Stay was included on the EP of Inside Out, and is another of my favorites. The sound is quite similar to Slow Me Down, though this time around, the song is used as a plea for a lover to stay (“Stay/Darkness take over now/Stay/No thinking twice/Stay for tonight/The sound of your heart racing faster for me /Is what will save me”). Though some elements of the song sound similar to Slow Me Down, the overall sound is a bit more accessible, and I could see this song doing well as a single. Falling was another track on the EP and is another highlight. The song again posses a similar sound to the ones before it, while the lyrical focus this time on falling in love. The lyrics present the image of someone afraid of falling in love, yet ready to do so at the same time- nothing particularly unique or groundbreaking, but Rossum’s sweet-sounding voice and the poppy melody are what truly make the song.
The CD really gets interesting for me, however, at The Great Divide. Musically, the song is one of the best on the album. It begins slow, and like a hushed ballad, before adding in electronic effects during the choruses and second verse. The sounds are understated, but give the song an airy/dreamlike feeling that is incredibly pleasing to the ears. The middle of the song breaks for an instrumental, which includes echoes of Rossum lightly harmonizing with handbells in the background. Also, because of the stripped production, Rossum’s vocals finally stand out much more. We are able to hear the strength of her voice, especially during the choruses. Lyrically, the song is pretty bare (most of it relies on the repetition of “Are you listening?” and “I need you now”), but the verses are written well (“Reach across the great divide/See the war behind your eyes/Finally slow the racing clock/Try so hard to make it stop”).
Though pretty forgettable, I do enjoy listening to Lullaby, which actually does sound like an adult’s version of a lullaby. Again, Rossum’s angelic vocals fit in perfectly with the song, and it’s apparent that either Rossum or her producers know exactly what kinds of songs she sounds good singing, which can’t be said about all artists (and is, in fact, a hard thing for a singer to determine).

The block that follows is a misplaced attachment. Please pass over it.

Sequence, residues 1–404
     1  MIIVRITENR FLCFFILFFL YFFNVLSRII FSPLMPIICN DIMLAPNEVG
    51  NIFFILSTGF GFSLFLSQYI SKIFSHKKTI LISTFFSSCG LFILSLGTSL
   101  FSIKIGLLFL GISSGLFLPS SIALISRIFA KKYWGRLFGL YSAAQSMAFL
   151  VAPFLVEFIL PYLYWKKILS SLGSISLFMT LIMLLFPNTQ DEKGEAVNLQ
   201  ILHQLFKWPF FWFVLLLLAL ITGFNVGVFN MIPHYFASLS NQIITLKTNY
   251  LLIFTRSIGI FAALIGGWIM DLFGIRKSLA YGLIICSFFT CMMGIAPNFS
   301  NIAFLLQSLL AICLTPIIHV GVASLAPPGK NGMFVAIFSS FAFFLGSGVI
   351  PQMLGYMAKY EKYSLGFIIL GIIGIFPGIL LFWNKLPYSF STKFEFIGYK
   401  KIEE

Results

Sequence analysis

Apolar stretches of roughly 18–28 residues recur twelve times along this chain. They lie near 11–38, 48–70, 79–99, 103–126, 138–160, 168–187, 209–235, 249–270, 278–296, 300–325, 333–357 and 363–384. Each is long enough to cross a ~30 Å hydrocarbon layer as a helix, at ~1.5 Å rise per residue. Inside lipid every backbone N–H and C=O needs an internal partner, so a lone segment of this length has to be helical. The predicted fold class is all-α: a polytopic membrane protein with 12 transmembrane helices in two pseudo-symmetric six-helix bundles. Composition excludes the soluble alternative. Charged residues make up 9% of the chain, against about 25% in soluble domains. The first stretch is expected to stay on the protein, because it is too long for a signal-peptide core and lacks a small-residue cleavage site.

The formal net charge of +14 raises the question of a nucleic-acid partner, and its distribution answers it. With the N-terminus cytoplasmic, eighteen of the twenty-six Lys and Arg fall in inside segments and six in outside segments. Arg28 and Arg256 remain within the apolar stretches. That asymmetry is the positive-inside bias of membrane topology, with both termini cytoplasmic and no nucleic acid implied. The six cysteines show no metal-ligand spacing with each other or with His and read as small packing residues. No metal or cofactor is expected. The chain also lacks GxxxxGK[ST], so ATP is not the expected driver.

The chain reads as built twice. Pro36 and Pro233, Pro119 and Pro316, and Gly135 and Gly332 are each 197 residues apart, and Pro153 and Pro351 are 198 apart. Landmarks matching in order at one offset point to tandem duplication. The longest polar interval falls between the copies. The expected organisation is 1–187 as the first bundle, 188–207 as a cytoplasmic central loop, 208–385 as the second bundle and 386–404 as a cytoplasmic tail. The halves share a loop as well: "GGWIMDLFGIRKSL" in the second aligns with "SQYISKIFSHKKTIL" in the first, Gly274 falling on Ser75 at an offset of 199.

The album hits a bit of a lull (heh…I crack myself up with these puns), at this point in the disc. Don’t Stop Now sounds a bit similar to some of Madonna’s more recent electric-pop stuff, which, for the record, I don’t really care for. The song isn’t particularly offensive, but it doesn’t make much of a stand either. High is a mid-tempo number that’s not the least bit memorable; in fact, I didn’t realize it was one of the tracks on the album until just listening to it now. Even the lyrics (about feeling a “high” while being in love) are pretty generic. A Million Pieces actually isn’t a bad song, but I usually forget about it because it’s lumped with some of the bores on the album. The lyrics are actually quite appealing to me, (“Shiver cold, I stand alone/Feel the slow dissolve/Black clouds rolling overhead/Part of me is gone/Like water now within my hands/You’re nothing I can hold/As every second slips away/I’ve nothing left to show /I’m under without you now/I’m in a million pieces/Under/I’m not myself if you say I am not yours”) but the dull melody doesn’t make the song stay in my mind after listening to it. The weakly composed chorus yearns to be better than it is, but ends up falling flat for some sad reason.